Mather’s daughter Mara, a professor of gerontology and psychology at the University of Southern California, said that her father was modest about his accomplishments and rarely discussed his work at home. (Mara said that when Mather was asked to speak after receiving the National Academy of Sciences’ 1978 John J. Carty Award, he reportedly stood and said, “Thank you.”)

Outside of work, her father loved and would readily discuss history and politics, she said. He was the kind of person that family members knew they could count on.

“It was great to get him engaged in conversation,” said Mara, who received her Ph.D. in cognitive psychology from Princeton in 2000. “He knew an incredible amount about history and politics. He really enjoyed talking about those things. He enjoyed humor. He was a very pleasant person.

“He was a very sweet person, very kind and generous,” she said. “He was the kind of person who I absolutely knew would do the right thing. He was very helpful to family members in need.”

Mather was born in Los Angeles on June 9, 1942. He was a descendent of the Boston Puritan minister Richard Mather, grandfather to the famous Cotton Mather. Intrigued by logarithms at age 6, Mather excelled in mathematics at Princeton High School. During his senior year, Mather was accepted into and did perfect work in a college-junior-level abstract algebra course at the University taught by professor of mathematics Ralph Fox. Mather graduated from Harvard with his bachelor’s degree in mathematics in 1964. As an undergraduate, he twice placed in the top 10 in the William Lowell Putnam Mathematical Competition.

Mather received numerous awards for his work, including the Birkhoff Prize in Applied Mathematics from the American Mathematical Society (2003); a Guggenheim Fellowship (1989); the John J. Carty Award from the National Academy of Sciences (1978); and a Sloan Fellowship (1970). Mather also was a member of the American Mathematical Society and the National Academy of Sciences, among other organizations.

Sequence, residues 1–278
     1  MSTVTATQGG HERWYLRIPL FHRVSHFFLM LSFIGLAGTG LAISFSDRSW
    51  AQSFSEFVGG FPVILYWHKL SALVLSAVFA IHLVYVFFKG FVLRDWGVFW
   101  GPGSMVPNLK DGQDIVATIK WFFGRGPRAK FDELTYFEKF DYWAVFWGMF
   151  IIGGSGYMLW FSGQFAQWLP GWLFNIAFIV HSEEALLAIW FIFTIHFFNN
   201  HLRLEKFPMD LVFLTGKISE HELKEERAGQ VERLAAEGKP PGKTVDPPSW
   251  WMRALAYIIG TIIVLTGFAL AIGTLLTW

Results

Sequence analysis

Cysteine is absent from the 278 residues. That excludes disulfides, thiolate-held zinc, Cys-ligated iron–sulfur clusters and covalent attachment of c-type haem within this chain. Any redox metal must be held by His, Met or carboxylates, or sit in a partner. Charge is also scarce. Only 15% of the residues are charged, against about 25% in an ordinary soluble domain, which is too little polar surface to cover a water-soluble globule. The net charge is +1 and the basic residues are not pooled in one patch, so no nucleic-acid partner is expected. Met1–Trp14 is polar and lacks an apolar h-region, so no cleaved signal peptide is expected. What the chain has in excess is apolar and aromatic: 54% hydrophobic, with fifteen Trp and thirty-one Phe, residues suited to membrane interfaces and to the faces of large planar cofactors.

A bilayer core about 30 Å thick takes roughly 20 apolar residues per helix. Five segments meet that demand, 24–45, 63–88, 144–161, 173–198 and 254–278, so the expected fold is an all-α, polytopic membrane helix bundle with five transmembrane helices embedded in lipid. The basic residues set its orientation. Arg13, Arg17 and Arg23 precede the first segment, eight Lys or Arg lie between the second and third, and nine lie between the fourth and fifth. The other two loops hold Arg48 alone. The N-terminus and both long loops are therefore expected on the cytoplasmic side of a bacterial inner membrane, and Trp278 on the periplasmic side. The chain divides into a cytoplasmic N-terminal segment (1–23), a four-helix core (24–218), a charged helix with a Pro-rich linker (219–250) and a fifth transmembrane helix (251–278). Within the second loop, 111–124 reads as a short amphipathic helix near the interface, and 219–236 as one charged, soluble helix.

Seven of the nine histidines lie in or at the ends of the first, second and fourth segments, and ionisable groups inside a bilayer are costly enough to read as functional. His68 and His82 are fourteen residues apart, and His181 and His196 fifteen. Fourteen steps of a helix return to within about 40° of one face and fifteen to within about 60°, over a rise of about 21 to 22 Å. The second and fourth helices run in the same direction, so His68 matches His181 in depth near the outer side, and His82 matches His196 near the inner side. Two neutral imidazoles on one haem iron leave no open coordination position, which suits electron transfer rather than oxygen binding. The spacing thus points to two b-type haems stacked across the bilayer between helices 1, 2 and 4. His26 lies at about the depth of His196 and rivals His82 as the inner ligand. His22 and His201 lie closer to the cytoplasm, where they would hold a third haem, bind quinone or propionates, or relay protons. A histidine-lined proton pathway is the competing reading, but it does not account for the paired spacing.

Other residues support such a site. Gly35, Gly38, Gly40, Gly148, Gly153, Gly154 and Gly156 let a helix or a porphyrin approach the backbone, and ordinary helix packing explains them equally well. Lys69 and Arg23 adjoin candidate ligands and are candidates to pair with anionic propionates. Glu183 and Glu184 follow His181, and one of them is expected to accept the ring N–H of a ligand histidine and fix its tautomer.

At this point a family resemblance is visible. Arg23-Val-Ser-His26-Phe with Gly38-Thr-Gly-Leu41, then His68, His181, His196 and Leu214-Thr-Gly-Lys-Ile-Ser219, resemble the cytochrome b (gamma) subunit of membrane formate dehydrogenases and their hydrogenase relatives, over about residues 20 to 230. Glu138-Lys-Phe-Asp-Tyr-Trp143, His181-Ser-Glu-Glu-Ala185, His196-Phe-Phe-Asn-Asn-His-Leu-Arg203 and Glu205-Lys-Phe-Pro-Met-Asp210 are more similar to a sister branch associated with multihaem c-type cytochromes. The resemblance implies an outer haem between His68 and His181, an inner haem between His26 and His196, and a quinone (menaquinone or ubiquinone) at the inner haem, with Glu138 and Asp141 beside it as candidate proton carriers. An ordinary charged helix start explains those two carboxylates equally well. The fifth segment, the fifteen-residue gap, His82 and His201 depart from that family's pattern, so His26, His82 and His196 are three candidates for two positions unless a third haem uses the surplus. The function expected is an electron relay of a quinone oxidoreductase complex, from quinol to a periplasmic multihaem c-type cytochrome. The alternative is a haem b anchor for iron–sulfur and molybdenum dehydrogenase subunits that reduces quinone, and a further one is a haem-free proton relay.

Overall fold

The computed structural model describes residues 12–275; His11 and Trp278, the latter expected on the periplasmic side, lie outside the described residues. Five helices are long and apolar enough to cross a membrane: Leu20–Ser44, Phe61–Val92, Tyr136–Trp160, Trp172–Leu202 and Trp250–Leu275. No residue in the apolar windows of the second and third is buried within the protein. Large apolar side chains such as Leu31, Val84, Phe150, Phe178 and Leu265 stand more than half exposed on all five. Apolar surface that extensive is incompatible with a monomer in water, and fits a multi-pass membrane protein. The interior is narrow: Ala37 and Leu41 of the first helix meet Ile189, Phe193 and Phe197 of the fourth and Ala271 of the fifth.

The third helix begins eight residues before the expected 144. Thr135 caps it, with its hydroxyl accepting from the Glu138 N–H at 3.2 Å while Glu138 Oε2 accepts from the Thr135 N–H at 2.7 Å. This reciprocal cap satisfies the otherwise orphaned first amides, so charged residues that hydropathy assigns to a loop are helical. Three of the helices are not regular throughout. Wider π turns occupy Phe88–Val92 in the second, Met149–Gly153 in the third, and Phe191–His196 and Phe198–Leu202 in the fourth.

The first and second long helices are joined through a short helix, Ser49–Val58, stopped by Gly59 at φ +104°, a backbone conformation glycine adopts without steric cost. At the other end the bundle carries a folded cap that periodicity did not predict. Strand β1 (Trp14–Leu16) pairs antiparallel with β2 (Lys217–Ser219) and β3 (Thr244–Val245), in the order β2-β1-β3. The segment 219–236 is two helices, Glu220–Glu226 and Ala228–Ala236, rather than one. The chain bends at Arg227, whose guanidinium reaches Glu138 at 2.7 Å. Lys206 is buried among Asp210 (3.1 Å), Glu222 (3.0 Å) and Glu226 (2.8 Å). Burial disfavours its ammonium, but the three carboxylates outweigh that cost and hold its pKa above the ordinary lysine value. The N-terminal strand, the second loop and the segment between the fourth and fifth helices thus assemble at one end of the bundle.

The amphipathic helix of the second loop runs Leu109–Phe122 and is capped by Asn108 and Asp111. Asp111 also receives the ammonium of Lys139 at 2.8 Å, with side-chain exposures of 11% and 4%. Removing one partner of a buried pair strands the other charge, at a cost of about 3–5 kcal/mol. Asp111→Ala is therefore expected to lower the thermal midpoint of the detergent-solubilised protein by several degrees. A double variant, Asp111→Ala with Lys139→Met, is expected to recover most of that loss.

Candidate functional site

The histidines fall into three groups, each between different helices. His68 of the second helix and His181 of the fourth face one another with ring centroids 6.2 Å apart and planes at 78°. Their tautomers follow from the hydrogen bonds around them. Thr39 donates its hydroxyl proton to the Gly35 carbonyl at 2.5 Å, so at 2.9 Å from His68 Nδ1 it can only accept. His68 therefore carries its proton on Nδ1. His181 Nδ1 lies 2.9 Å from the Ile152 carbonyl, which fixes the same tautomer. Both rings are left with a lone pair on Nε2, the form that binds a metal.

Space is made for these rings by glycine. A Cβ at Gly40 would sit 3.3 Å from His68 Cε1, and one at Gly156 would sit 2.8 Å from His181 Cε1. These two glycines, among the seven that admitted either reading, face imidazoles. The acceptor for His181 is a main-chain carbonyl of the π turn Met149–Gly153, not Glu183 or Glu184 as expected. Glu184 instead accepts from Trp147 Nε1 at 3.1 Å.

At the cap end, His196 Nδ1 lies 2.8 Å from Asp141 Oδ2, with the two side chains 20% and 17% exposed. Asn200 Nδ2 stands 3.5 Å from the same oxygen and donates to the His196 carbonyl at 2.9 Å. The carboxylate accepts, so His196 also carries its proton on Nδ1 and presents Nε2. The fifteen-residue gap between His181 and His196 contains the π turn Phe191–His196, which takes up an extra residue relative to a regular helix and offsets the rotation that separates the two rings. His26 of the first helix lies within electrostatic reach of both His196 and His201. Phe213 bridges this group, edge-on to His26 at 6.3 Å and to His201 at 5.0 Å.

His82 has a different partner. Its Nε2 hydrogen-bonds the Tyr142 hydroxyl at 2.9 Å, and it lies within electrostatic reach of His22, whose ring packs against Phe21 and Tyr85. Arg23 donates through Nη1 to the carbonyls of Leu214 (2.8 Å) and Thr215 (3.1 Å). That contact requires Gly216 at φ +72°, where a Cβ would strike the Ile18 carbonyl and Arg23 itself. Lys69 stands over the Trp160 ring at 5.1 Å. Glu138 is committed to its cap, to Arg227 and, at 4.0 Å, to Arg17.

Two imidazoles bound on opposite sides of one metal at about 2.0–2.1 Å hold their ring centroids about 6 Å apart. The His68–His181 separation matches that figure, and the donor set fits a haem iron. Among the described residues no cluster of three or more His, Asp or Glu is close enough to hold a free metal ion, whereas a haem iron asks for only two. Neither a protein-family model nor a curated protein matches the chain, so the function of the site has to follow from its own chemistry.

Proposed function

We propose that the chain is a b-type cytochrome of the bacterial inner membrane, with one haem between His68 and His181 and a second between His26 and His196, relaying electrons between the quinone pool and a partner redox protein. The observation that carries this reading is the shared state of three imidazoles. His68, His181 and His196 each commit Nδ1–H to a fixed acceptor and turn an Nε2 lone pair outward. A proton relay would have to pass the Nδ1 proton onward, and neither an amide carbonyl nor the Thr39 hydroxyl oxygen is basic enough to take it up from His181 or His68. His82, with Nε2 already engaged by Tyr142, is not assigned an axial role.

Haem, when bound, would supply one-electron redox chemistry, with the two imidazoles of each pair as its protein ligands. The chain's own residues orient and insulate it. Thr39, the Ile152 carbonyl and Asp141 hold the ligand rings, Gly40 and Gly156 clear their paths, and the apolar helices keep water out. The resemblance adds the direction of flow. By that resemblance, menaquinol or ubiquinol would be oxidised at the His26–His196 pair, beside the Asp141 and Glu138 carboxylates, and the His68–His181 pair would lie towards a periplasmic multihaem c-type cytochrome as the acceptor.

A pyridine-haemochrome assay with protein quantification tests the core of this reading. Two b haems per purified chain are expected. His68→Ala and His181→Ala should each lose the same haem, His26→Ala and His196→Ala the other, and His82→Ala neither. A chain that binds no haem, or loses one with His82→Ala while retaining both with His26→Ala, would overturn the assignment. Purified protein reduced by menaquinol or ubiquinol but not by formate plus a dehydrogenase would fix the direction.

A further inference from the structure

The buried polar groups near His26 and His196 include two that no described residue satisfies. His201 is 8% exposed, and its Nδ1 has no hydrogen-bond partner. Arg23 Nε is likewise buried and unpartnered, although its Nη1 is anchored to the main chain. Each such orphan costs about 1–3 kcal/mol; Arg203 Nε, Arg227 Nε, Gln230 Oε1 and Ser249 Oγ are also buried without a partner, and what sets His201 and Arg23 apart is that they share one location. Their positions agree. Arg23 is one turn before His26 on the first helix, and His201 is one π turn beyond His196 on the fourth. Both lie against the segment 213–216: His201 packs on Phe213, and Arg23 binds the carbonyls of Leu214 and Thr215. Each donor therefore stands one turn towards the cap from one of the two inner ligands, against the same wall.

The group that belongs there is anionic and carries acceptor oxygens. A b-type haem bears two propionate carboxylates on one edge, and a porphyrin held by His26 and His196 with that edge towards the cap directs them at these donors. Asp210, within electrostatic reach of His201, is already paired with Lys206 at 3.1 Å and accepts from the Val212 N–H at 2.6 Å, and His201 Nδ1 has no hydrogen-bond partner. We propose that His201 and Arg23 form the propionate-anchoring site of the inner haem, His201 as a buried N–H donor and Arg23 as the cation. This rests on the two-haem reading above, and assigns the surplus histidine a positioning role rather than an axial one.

Mather is survived by his wife, Naomi Mather, and children Mara Mather (Noah Mercer) of Los Angeles; Thomas John Mather of Princeton’s Class of 1999 (Karen Madsen) of Boston; and Frank Mather and Emily Mather of Princeton.

A memorial conference in Mather’s honor is being planned by the Department of Mathematics.

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Selected Articles: Humanity on Brink of Extinction, Syria: Fake US “Counter-terrorism”, Trump: Deep State Coup d’Etat

This NEWS was origynally shared on Sutesuaem Universities News

Nuclear MushroomThe Cliff of Nuclear Annihilation: Humanity is on the Brink of Extinction! Thirty Seconds to Midnight

By Regis TremblayHelen CaldicottRay McGovernDavid VineChris Hedges, and Colonel Ann Wright, February 20 2017

Filmmaker Regis Tremblay states what few others dare to say. Humanity is on the brink of extinction! Nuclear power is not safe. 48 of America’s nuclear power plants are leaking and there is no way to get rid of nuclear waste. America’s reckless provocations of both Russia and China, two nuclear-armed countries, risk a nuclear holocaust from which no one survives. Climate change and global warming, if not mitigated immediately, will end the human experiment on earth sooner rather than later.


The “Counter-terrorism” Campaign in Syria is Fake. “Dark State” Manipulations Serve as Barriers to Peace